Gallery Static electric field suppresses superconductivity!

Current-voltage (I −V) characteristics of a Ti supercurrent FET measured at 5 mK for several values of the applied gate voltage Vg (the hatched area is a guide to the eye emphasizing the monotonic suppression of the critical current Ic down to zero by increasing |Vg|. When the supercurrent vanishes, the I(V) characteristics coincide with that in the normal state, independently of the value of the applied gate voltage. The curves are horizontally offset for clarity.

A static electric field can be used to manipulate the superconducting state of metallic superconducting thin films, according to new experiments by researchers in Italy. The effect, which was first put forward by the London brothers, Fritz and Heinz, in their original formulation of superconductivity back in 1935, might be exploited in novel-concept devices such as supercurrent and Josephson field-effect transistors, as well as classical and possibly even quantum bits.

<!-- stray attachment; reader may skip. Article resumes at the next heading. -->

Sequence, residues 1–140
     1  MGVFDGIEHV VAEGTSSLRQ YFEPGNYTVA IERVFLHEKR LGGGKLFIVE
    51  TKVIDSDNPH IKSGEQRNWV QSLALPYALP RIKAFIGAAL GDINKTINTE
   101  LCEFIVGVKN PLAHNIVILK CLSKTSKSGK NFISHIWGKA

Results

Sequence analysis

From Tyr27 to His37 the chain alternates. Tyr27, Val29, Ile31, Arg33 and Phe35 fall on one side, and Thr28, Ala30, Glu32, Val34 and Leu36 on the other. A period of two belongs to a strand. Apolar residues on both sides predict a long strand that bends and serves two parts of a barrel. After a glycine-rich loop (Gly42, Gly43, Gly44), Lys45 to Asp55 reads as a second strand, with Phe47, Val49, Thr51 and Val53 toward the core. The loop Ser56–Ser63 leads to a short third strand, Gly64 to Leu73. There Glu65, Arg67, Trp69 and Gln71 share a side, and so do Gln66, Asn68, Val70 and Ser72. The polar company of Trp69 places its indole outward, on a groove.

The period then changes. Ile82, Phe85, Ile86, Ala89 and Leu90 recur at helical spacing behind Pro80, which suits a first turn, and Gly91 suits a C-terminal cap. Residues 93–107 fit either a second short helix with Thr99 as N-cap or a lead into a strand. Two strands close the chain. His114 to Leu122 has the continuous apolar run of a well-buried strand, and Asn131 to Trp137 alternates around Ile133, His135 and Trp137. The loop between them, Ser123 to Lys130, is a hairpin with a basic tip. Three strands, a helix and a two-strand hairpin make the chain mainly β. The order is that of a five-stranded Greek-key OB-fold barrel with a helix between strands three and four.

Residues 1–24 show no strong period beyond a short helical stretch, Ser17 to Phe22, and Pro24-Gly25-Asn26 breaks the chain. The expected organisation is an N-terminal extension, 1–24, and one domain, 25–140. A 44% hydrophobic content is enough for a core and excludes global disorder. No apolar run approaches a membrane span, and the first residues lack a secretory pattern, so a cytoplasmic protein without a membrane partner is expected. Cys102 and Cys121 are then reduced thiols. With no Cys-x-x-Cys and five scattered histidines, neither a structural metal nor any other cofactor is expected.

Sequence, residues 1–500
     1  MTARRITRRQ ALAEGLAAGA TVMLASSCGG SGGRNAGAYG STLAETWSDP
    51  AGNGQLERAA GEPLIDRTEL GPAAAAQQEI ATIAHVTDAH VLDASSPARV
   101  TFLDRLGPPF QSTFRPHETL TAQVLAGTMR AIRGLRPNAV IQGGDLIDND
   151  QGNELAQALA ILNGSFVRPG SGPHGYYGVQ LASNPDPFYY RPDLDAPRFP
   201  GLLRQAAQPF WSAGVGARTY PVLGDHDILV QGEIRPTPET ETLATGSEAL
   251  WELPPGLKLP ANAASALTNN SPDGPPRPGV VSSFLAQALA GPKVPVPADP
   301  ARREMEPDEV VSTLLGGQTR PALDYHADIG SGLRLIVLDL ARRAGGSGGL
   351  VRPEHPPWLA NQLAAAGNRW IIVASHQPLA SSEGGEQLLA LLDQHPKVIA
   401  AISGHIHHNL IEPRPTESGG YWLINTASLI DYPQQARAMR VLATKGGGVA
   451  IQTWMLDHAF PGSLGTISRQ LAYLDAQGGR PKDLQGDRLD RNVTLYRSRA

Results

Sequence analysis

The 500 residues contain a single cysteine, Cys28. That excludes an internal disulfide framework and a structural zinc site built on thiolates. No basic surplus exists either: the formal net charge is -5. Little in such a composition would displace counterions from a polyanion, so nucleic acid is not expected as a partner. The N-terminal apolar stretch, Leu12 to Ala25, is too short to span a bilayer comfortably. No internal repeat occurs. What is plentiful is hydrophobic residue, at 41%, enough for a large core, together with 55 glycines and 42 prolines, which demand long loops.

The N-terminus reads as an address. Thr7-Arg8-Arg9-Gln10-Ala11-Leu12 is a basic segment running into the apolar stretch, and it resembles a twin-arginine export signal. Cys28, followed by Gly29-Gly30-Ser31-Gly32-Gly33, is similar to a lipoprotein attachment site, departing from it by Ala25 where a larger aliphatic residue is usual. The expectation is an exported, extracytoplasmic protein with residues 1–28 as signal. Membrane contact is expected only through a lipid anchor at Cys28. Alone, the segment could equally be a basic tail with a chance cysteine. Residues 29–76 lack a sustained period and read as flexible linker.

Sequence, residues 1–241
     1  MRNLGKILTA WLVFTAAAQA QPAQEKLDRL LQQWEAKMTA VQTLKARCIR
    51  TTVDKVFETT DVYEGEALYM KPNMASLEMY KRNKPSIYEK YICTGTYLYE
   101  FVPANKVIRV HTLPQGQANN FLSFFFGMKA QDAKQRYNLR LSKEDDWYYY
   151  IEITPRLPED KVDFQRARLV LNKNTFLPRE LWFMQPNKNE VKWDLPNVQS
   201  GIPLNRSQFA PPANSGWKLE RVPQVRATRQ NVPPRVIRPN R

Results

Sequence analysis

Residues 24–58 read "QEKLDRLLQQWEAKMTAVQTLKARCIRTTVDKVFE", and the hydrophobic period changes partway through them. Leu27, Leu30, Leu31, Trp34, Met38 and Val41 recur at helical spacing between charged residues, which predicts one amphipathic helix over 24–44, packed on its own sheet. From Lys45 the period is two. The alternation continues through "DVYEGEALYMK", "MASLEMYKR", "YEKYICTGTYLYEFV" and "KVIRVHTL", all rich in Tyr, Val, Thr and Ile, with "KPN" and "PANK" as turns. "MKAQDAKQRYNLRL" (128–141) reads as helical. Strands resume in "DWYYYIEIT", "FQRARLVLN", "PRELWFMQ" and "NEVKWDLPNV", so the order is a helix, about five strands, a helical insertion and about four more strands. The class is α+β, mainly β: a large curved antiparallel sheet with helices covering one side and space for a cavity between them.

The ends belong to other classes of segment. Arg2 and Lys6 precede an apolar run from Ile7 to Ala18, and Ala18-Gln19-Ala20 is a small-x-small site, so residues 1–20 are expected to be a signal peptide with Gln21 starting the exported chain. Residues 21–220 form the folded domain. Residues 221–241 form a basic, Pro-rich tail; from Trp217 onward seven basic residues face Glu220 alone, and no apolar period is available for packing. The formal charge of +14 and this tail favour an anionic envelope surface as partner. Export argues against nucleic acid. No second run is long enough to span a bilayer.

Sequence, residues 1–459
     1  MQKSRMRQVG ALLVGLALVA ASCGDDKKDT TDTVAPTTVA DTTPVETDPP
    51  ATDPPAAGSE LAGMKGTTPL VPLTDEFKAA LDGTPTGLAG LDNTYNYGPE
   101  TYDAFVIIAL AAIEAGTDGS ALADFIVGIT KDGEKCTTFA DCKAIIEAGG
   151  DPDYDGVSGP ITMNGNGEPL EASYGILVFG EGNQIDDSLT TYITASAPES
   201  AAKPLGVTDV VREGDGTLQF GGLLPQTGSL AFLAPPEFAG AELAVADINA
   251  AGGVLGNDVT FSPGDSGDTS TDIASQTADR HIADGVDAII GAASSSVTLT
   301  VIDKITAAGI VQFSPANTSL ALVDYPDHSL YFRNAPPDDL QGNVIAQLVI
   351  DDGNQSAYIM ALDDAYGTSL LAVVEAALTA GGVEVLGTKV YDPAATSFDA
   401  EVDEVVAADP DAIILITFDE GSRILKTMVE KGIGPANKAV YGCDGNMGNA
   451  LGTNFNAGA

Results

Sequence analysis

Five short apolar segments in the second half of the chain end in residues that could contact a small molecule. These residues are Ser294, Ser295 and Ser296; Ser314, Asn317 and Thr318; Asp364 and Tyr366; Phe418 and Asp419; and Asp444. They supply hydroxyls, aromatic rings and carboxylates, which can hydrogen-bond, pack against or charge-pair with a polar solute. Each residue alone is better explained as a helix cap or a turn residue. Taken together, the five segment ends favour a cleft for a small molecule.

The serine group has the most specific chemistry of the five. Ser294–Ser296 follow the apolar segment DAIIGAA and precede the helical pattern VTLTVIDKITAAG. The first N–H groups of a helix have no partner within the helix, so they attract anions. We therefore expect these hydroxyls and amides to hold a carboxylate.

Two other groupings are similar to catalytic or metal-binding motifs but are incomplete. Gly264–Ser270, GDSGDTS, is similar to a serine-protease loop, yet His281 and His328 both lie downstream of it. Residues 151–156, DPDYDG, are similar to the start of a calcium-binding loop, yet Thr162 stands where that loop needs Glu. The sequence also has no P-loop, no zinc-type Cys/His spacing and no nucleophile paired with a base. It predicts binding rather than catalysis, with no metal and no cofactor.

“It seems that we are realizing a novel phase of the superconducting state driven by electric fields,” says Francesco Giazotto of the Consiglio Nazionale delle Ricerche (CNR) and the Scuola Normale Superiore in Pisa, who led this research effort. “At the moment, we are unclear as to the type of phase transition we are inducing but our finding definitely represents something very intriguing from the fundamental physics point of view.”

More details on: